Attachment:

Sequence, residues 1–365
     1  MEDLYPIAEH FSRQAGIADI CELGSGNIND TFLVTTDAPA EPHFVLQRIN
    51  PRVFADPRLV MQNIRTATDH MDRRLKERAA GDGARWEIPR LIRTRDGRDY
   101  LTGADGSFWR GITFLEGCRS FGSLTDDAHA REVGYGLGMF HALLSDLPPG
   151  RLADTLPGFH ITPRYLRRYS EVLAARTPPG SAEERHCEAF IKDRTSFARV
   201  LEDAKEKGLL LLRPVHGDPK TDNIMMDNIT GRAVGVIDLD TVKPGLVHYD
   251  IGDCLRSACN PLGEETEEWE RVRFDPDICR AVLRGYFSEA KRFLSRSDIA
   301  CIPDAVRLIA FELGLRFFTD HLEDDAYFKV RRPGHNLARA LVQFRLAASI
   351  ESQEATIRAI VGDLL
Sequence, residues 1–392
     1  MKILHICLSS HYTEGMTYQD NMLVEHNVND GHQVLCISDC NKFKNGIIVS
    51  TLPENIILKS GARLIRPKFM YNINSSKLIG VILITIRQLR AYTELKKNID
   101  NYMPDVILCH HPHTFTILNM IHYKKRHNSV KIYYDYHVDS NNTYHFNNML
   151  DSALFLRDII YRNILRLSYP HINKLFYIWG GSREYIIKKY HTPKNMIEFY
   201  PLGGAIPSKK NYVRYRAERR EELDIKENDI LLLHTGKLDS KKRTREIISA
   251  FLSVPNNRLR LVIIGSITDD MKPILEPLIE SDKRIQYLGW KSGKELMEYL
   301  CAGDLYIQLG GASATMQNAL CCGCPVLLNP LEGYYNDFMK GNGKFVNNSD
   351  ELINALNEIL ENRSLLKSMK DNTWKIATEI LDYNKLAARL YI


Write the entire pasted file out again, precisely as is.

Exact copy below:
Sequence, residues 1–365
     1  MEDLYPIAEH FSRQAGIADI CELGSGNIND TFLVTTDAPA EPHFVLQRIN
    51  PRVFADPRLV MQNIRTATDH MDRRLKERAA GDGARWEIPR LIRTRDGRDY
   101  LTGADGSFWR GITFLEGCRS FGSLTDDAHA REVGYGLGMF HALLSDLPPG
   151  RLADTLPGFH ITPRYLRRYS EVLAARTPPG SAEERHCEAF IKDRTSFARV
   201  LEDAKEKGLL LLRPVHGDPK TDNIMMDNIT GRAVGVIDLD TVKPGLVHYD
   251  IGDCLRSACN PLGEETEEWE RVRFDPDICR AVLRGYFSEA KRFLSRSDIA
   301  CIPDAVRLIA FELGLRFFTD HLEDDAYFKV RRPGHNLARA LVQFRLAASI
   351  ESQEATIRAI VGDLL
Sequence, residues 1–392
     1  MKILHICLSS HYTEGMTYQD NMLVEHNVND GHQVLCISDC NKFKNGIIVS
    51  TLPENIILKS GARLIRPKFM YNINSSKLIG VILITIRQLR AYTELKKNID
   101  NYMPDVILCH HPHTFTILNM IHYKKRHNSV KIYYDYHVDS NNTYHFNNML
   151  DSALFLRDII YRNILRLSYP HINKLFYIWG GSREYIIKKY HTPKNMIEFY
   201  PLGGAIPSKK NYVRYRAERR EELDIKENDI LLLHTGKLDS KKRTREIISA
   251  FLSVPNNRLR LVIIGSITDD MKPILEPLIE SDKRIQYLGW KSGKELMEYL
   301  CAGDLYIQLG GASATMQNAL CCGCPVLLNP LEGYYNDFMK GNGKFVNNSD
   351  ELINALNEIL ENRSLLKSMK DNTWKIATEI LDYNKLAARL YI